Happy Birthday To All! (Except Warner/Chappell Music)

Legal News & Analysis – Asia Pacific - India - Intellectual Property

12 October, 2015


The Happy Birthday song is touted as the most popular song in the world. Not only is it the go-to anthem for birthday celebrations, but has also been accorded the status of the ‘most recognized song in the English language’ by the Guinness World Records in 1998. The song which has been translated in 18 different languages generates exorbitant revenue of approximately $2 million in royalties every year. This often invokes the controversial question – who owns its copyright? The recent decision in Rupa Marya et al vs Warner/Chappell Music, Inc.et al.[1], by the District court of California has declared that the ‘Happy Birthday’ song is now entirely in public domain. The court held that the copyright which Warner/Chappell had been claiming over the song for almost 120 years was veritably invalid[2]. This decision came amidst a lawsuit challenging Warner/Chappell’s attempt to fine filmmakers who intended to use the song for the purpose of making a documentary on it.


Tracing the song’s history back to the 19th century, the classic melody of ‘Happy Birthday’ was the same as that of another song called ‘Good Morning to All’, composed by the American Hill sisters – Patty and Mildred who sung it in primary schools. It was a part of the book called ‘Song Stories for the Kindergarten’, which was published in 1893 by a man named Clayton F. Summy (hereinafter Summy’s Co.), who was assigned the rights to the manuscript containing Good Morning and other songs. After Mildred’s death, the third Hill sister, Jessica, one of the heirs, renewed the copyright to Song Stories protecting it till 1949. The origins of the Happy Birthday song are very obscure. Its very first reference appeared in an article from 1901, without its complete lyrics. Publication of the full ‘Happy Birthday’ song first occurred in a book titled ‘The Elementary Worker and His Work’ in 1911, where no authorship was accredited, but it was mentioned that Happy Birthday and Good Morning share the same tune[3]. This book was registered for a copyright and thereafter several other publications with the song started emerging. The highlight of the whole copyright controversy surrounding this song is its lyrics, the origins of which remain unknown.


In the present suit, Warner/Chappell Music claimed that Patty was the author of the lyrics and that rights were acquired from Summy’s Co. in 1980’s (since the Hill sisters had assigned their rights to him), hence asserting to own the copyright to the song in its entirety. Rupa Marya, the plaintiff, on the other hand, countered that author of lyrics is unknown, and that copyrights for the song were ‘expired, forfeited or invalid’ as they did not embody ‘original works of ownership’, except the piano arrangement.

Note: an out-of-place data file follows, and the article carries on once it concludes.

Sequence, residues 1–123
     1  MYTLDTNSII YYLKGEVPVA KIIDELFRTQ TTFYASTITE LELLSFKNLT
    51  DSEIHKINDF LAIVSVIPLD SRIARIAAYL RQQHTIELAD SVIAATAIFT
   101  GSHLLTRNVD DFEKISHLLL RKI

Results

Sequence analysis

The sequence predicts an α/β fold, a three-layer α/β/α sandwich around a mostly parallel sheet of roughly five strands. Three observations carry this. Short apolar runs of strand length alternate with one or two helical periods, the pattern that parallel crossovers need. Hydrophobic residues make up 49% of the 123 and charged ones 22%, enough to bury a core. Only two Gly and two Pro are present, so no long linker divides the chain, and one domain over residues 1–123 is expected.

The court declared that distinction between the music and lyrics as copyrightable elements is critical in the present case and further established that the melody of the song came from ‘Good Morning to All’, by the Hill sisters, the said song being in public domain for several years. Also, the records purported that neither Patty, Mildred, nor Jessica ever tried to protect their common law rights in the lyrics. For decades, with the possible exception of the publication of ‘The Elementary Worker and His Work’, the Hill sisters did not authorize any publication of the lyrics and no federal copyright protection was obtained. Despite ‘Happy Birthday’ being extremely popular and commercially viable, no legal action was taken to prevent the use of lyrics.


In 1934, four decades after Patty supposedly wrote the song, the rights were finally bestowed on the melody of Good Morning to All/Happy Birthday. Even then the claims were not pertaining to the lyrics. Thus, it was decided that since Summy’s Co. never acquired the rights to the Happy Birthday lyrics, its apparent successors-in-interest, Warner/Chappell did not own a valid copyright in the Happy Birthday song. Moreover, the Hill sisters gave Summy’s Co. the rights to the melody and piano arrangement only.


Accordingly, the copyright registration relied on covers only the particular piano arrangements of the song and not the underlying lyrics[4].


This judgment renders the Birthday song free from the clutches of copyrights. Films and TV shows can now finally go on birthday merriment with this song without worrying about royalties or fines.


[1] Case No. CV 13-4460-GHK (MRWx) , available at < https://assets.documentcloud.org/ documents/2429288/ marya-v-warner-chappell.pdf> (Last viewed on 28 September 2015)

[2]“Happy Birthday song and its strange past” available at <http://www.telegraph.co.uk/music/news/Happy-Birthday-song-and-its-strange-past/>(Last viewed on 29 September 2015)

[3] Id at 1.

[4] Id at 1.




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Shristi Bansal, LexOrbis